Now, let’s look at the changes awaiting Boy Scout troops as they embark on their 2015 Journey to Excellence. Continue reading “Preparing for next year’s journey – Troops”
The Journey to Excellence quality-check program has been with us for a few years now, and we have become accustomed to minor tweaks from year to year. For 2015, however, the changes are a bit more sweeping, though nearly all active units will be able to qualify for at least the Bronze level recognition.
First, you should review your pack’s or troop’s performance using the 2014 Journey to Excellence scorecard. If you find you fall short in some areas, it might be possible to make some changes now to ensure that you meet the 2014 requirements.
The 2015 JTE scorecards are out now, and as always, there are some changes. Continue reading “Preparing for next year’s journey – Packs”
By now, hopefully you’ve had a chance to complete your troop’s annual Journey to Excellence scorecard and turn it in to your district professional. Generally, these are due by December 31st, in order to qualify for the award and help your district and council qualify for theirs. (The district and council JTE awards depend in part on units turning in their scorecards.)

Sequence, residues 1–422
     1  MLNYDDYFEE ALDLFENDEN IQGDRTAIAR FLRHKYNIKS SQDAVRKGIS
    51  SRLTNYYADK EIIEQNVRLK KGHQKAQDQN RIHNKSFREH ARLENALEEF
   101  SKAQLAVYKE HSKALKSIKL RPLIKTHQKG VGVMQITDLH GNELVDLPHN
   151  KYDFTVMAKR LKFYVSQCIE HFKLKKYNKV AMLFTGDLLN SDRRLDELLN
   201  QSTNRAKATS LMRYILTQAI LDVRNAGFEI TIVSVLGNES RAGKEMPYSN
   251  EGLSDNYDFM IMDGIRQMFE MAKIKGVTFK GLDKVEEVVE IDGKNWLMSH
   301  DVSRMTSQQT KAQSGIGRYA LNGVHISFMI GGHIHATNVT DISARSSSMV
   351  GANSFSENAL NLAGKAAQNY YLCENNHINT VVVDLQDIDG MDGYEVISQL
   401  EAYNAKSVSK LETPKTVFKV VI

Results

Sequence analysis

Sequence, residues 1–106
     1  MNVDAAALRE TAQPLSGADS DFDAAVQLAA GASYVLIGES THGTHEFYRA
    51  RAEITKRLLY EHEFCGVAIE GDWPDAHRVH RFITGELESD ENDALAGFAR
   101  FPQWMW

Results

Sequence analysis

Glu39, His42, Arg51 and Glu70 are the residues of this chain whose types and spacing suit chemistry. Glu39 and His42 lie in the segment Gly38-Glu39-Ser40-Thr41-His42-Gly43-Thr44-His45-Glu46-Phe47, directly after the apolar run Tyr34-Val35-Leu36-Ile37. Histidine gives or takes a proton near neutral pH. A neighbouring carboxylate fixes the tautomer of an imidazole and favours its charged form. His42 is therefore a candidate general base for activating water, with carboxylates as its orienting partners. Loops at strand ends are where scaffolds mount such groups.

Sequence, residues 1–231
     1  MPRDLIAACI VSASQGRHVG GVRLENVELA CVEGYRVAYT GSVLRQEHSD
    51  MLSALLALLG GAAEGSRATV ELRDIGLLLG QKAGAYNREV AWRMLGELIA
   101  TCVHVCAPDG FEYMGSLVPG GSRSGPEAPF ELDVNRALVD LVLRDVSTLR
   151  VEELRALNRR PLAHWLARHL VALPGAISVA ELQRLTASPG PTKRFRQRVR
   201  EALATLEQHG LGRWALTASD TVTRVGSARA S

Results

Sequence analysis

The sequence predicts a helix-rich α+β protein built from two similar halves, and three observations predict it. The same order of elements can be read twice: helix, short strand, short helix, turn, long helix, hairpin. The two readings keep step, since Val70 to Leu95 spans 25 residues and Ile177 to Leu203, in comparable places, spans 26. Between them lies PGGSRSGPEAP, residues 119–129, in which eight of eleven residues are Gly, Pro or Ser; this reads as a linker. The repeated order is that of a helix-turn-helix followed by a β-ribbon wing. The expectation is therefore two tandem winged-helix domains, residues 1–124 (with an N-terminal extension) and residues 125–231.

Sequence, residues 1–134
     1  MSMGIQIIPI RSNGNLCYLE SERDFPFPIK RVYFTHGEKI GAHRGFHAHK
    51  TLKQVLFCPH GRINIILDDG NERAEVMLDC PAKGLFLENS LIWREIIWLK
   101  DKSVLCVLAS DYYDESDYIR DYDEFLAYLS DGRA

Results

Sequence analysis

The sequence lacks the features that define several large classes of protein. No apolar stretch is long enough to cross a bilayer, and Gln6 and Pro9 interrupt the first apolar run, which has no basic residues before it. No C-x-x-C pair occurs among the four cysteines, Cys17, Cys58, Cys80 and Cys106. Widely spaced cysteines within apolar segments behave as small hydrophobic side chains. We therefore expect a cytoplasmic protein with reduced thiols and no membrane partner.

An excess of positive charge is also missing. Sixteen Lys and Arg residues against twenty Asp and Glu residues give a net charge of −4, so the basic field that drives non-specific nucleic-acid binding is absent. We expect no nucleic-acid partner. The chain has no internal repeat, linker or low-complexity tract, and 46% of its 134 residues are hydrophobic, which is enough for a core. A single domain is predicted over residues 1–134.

When Journey to Excellence was developed by a team of experienced Scouters and national council staff, it was intended to be a flexible system, in order to reflect current BSA initiatives and to be a better predictor of the quality of a unit’s performance and program. Continue reading “The changing journey”
A rather confusing clarification came forth from the national training team recently regarding just what constitutes being “trained.” It seems there are two slightly different definitions of the term, and they apply to slightly different things. Continue reading “Trained or trained?”
If your troop is like mine, you probably have had a few Scouts age out of youth membership and head off to college or military service. Most likely Life or Eagle Scouts, these young men still enjoy being active in the OA (where they are still youth members until they turn 21), and taking part in troop campouts, hikes, high adventure or other Scouting endeavors, but can no longer be a Scout in the Boy Scout program. Unless you had a Venturing crew closely associated with your troop, your only option to keep them active in your unit was for them to register as an assistant Scoutmaster. (They can’t register as a committee member until they turn 21.) Continue reading “For aged-out Scouts, a new option”